Adjustments to IPv4 could free up millions of addresses • The Register

It may have been nearly three years since the world officially exhausted all available IPv4 internet addresses, but now a new initiative has been proposed that could free up hundreds of millions of addresses currently unused – or are they?

As the world slowly moves towards wider adoption of the new IPv6 protocol, which offers a large address space, the continued and widespread use of IPv4 has caused problems as all available ranges of the approximately 4.3 billion addresses it supports have been widely assigned.

Now it looks like Seth Schoen, a former senior technologist at the Electronic Frontier Foundation and co-founder of Let’s Encrypt, has made proposals collectively labeled either the IPv4 Unicast Extensions Project or the IPv4 Cleanup Project (both are used on the project’s GitHub page).

Writing in an APNIC blog post, Schoen detailed his proposals.

These are also described in four Internet drafts filed with the Internet Engineering Task Force (IETF), which call for four categories of “special” addresses currently unavailable for standard addressing purposes to be redefined as addresses ordinary unicasts, meaning they should no longer be considered reserved, invalid, or loopback addresses.

The reasons for the existence of these special addresses date back to the creation of the IPv4 version of the Internet Protocol in the early 1980s, but many of them have never been used for the purpose for which they were reserved, according to Schoen. , but still continued to be treated as special addresses.

These four address categories targeted by the project include the lowest address in each IPv4 subnet, 240/4, 0/8 and 127/8. Each was booked for a different reason, and Schoen acknowledges that each presents a different set of challenges to change.

Of the four, the lowest address fix is ​​considered the least problematic. It proposes to eliminate a duplicate broadcast address within each LAN segment.

The standard broadcast address on a subnet is the highest (i.e. 255 on a 24-bit subnet which uses 8 bits for host addresses), but for historical reasons the address “zero” (i.e. 0) is also reserved, according to Schoen.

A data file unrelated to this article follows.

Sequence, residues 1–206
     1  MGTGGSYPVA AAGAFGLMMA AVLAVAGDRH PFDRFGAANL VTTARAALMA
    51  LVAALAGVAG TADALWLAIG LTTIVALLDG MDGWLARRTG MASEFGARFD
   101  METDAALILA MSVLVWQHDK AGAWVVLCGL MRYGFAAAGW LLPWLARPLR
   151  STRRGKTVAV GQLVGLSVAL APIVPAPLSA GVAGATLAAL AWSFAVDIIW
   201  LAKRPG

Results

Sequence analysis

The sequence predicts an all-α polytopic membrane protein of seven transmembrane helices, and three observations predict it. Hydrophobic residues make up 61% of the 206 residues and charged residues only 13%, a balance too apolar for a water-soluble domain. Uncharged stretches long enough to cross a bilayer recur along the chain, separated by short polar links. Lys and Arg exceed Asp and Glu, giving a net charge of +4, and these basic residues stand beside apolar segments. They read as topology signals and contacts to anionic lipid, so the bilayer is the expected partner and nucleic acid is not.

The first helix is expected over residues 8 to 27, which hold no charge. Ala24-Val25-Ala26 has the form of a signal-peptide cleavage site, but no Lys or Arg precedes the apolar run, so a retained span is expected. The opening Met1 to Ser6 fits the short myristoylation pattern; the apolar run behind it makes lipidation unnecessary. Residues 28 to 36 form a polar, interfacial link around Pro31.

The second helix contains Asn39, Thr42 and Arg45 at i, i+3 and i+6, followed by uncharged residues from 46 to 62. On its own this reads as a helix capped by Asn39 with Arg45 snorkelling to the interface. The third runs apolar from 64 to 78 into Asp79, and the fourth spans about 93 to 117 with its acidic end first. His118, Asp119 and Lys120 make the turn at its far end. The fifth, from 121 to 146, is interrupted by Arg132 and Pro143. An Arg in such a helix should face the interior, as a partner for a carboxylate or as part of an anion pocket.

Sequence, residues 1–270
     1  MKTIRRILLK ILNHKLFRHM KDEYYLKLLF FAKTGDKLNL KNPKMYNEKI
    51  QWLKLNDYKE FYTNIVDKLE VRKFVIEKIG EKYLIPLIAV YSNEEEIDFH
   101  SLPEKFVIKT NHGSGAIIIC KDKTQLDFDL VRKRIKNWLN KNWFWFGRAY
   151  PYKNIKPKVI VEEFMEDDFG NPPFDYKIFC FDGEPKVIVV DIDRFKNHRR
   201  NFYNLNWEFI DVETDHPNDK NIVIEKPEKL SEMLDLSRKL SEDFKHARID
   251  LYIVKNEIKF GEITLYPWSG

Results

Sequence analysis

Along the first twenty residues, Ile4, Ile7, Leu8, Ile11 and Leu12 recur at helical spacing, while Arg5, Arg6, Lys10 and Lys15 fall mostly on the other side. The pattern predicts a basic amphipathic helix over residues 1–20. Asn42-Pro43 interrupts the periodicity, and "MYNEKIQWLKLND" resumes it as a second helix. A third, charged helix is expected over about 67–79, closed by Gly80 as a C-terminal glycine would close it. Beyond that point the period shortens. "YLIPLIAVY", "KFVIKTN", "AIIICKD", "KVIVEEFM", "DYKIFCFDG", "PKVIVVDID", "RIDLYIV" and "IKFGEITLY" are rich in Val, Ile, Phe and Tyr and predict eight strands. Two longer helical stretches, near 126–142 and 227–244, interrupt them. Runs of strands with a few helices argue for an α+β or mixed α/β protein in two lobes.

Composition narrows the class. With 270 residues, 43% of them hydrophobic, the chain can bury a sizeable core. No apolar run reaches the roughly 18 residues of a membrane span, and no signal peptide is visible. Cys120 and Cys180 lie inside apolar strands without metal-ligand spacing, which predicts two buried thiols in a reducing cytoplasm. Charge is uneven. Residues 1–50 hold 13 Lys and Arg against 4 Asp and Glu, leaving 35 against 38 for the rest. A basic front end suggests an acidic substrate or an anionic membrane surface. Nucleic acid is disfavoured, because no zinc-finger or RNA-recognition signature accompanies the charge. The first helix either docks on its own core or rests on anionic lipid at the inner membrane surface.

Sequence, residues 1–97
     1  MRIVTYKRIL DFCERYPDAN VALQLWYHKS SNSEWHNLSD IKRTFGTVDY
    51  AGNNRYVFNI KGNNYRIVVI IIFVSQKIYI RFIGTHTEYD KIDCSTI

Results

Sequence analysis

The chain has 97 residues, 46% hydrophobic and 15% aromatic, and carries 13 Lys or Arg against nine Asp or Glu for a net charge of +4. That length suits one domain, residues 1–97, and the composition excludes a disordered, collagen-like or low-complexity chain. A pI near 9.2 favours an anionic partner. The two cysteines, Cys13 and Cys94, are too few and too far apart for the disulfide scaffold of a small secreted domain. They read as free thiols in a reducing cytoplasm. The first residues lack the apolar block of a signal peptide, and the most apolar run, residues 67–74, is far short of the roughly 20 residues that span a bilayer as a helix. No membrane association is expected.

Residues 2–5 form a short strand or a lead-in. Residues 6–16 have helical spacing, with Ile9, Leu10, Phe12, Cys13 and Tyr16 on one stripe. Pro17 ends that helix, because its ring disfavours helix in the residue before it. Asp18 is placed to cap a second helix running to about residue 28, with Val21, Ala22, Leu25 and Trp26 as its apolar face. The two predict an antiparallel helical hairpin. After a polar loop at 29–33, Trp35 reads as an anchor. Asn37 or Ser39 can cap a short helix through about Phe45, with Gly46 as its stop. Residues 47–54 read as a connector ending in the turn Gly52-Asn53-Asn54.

Changing this only frees up one address per subnet, but allows organizations to “take a small step to unilaterally increase the efficiency of their use of their existing IPv4 allocations”.

The other changes require code-level changes in IPv4 implementations, which will undoubtedly set off alarm bells among all IT administrators as well as network software engineers.

However, Schoen says some of these changes are already widely used, in particular the proposed changes to 240/4 addresses which were reserved as a Class E network block for future use, comprising a total of 256 million addresses. .

Turning them into recognized unicast addresses was already proposed to the IETF over a decade ago and apparently implemented in several operating systems now running on millions of nodes on the Internet, and “caused no problem over the past decade,” he said.

The 0/8 address range includes an additional 16 million addresses that were reserved for potential automatic device configuration based on ICMP messages, but these are effectively unused (except for 0.0.0.0).

Similarly, 127/8 represents another 16 million address block that has been reserved as loopback addresses, and this is maintained despite the fact that virtually all applications use only one loopback address (127.0. 0.1).

These addresses will gradually become more useful as more implementations accept them as a valid address space.

Schoen’s proposal is to reduce the scope of this block so that only 127.0/16 is reserved for local loopback purposes.

Whether these changes are really necessary is debatable, since many organizations still using IPv4 will be sitting behind a network address translation (NAT) gateway that presents a small number of IP addresses to the outside world and operates a private addressing scheme on the internal network. network.

Nevertheless, Schoen believes these measures will prove useful during the interminable transition from IPv4 to IPv6, if the demand for IPv4 space continues to exist.

“We continue to encourage implementers to make the required changes and develop hotfixes to support them. These addresses will gradually become more useful as more implementations accept them as a valid address space” , he wrote.

The proposals have already met with some understandable resistance.

“Testing and changing all the devices that know that 240/8, 0/8 and 127/8 etc. are ‘special’ is a bigger job than just making them use IPv6”, tweeted Adrian Kennard, who runs British ISP Andrews & Arnold. “Address 0 being usable probably only helps local networks.” ®

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